This got me that that the property portal business model has some fundamental flaws, scrolling through hundreds of properties with no content suggest estate agents pay a fixed fee for property uploads rather than paying on a per property basis. From the agents perspective: If I have a property coming up on my books I am way more likely to get it uploaded as fast as possible even without any information because I can do it with no added cost and it will give my estate agency a greater chance of being noticed.

But in actual fact the following happens. For the customer: scrolling through hundreds of properties with no content makes my search experience frustrating and frustration isn’t really what make good user experiences. For the agent they waste valuable time showing properties which the customer has not shortlisted properly due to inadequate information.

Surely the quality and user experience of these portals would improve if agents were required to upload a minimum amount of information above that of a photo and one line description?

On a more positive note, we did eventually find somewhere to live and it ticked all the requirement boxes.

The flat and sea views


I recently had a web analytics query from one of our clients specifically around the analysis they were doing for their library pages using the In-Page Analytics/Site overlay report. Being a council and receiving monthly visits in the tens of thousands it was pretty hard to believe that people were interested in some of the library pages but not necessarily going through to the library catalogue pages.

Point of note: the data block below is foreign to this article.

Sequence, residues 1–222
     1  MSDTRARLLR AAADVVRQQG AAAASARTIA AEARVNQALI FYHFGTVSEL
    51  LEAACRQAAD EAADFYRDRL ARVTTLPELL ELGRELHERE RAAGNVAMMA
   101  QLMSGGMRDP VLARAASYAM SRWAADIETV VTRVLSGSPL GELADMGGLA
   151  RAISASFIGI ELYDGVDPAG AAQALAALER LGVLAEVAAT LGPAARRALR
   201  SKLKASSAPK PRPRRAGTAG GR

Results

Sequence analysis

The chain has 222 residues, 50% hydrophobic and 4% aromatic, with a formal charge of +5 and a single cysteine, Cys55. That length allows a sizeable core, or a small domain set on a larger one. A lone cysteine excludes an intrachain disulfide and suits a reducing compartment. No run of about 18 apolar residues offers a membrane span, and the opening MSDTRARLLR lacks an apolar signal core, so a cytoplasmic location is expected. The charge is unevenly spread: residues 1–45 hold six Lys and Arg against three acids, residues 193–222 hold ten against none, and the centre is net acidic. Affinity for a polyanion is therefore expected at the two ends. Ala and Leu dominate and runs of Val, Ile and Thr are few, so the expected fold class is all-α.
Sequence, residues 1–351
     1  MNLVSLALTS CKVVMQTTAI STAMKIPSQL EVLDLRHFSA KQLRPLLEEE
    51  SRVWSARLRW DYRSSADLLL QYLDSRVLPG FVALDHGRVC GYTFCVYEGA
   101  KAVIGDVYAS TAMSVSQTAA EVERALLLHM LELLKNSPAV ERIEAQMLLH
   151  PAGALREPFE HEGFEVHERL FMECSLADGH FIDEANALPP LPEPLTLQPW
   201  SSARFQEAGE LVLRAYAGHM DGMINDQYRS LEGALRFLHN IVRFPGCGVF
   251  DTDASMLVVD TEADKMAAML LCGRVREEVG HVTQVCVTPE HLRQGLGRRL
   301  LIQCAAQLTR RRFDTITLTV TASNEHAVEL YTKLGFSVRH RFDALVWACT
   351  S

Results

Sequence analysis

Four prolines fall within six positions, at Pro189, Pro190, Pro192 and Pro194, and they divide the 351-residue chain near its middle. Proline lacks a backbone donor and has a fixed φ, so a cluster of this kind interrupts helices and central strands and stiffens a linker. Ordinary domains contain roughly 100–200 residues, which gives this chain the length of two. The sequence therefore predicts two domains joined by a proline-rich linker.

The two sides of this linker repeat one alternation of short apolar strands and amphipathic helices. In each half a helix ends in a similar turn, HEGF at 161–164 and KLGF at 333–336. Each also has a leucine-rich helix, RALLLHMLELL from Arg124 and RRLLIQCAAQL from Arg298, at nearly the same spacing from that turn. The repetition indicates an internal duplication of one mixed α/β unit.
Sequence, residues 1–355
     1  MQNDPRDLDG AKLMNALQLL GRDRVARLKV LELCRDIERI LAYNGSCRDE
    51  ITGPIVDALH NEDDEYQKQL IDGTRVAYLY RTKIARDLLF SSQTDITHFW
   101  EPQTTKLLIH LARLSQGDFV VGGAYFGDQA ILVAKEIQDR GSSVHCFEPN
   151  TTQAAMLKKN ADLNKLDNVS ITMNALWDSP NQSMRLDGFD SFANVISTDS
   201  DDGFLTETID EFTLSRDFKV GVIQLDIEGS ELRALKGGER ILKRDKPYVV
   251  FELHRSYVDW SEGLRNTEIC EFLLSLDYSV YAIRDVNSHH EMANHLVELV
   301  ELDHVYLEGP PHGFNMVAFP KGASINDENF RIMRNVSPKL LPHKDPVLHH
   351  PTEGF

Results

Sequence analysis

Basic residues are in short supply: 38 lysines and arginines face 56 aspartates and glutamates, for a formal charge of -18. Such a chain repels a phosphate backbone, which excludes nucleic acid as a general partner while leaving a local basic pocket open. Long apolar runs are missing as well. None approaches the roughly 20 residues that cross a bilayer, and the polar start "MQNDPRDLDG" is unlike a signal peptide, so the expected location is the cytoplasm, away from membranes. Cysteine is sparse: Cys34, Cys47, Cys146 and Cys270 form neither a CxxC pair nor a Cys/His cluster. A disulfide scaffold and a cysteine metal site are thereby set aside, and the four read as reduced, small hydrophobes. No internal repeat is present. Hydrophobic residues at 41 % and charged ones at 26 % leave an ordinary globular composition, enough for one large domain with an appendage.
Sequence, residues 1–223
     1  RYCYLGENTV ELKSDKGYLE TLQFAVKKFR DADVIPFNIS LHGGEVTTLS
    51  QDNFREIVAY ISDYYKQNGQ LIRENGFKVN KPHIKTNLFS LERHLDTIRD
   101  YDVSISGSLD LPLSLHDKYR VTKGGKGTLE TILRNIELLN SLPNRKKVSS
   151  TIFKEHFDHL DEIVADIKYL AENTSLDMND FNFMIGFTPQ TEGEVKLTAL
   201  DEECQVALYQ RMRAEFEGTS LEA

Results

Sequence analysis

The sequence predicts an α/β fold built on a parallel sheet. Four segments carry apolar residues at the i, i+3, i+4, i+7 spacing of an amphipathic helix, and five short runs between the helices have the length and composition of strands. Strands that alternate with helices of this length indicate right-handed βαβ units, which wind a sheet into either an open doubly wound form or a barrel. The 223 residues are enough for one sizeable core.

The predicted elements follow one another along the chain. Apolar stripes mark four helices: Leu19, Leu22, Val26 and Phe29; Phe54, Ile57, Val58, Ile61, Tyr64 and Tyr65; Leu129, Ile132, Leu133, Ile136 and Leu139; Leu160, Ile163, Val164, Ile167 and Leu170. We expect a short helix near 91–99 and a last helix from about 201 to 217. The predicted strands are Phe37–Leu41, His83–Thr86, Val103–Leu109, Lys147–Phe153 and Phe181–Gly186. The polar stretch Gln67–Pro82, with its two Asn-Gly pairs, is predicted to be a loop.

Not all clicks tracking

Links on the right have no clicks

So what’s going on?

The issue lies with the actual content. The three links we see to the right of the image (Search the Library Catalogue, Renew Library Items, and Archives Catalogue) all receive no clicks. These links however go to the sub domain of the site. But why is that an issue? Well, the In-Page Analytics report is quite misleading, it works by tracking the normal JavaScript snippet on your site that transmits the data to Google each time a page is loaded and therefore Google Analytics can conclude that a click was made, but it actually isn’t tracking the “clicks” itself. Because of this, if a click was made to an outbound link it will not track unless you also had the same tracking code on this external site. In this council example, tracking the clicks to the library pages would be entirely possible through the use of cross domain tracking from the main site to the library sub domain (explained below)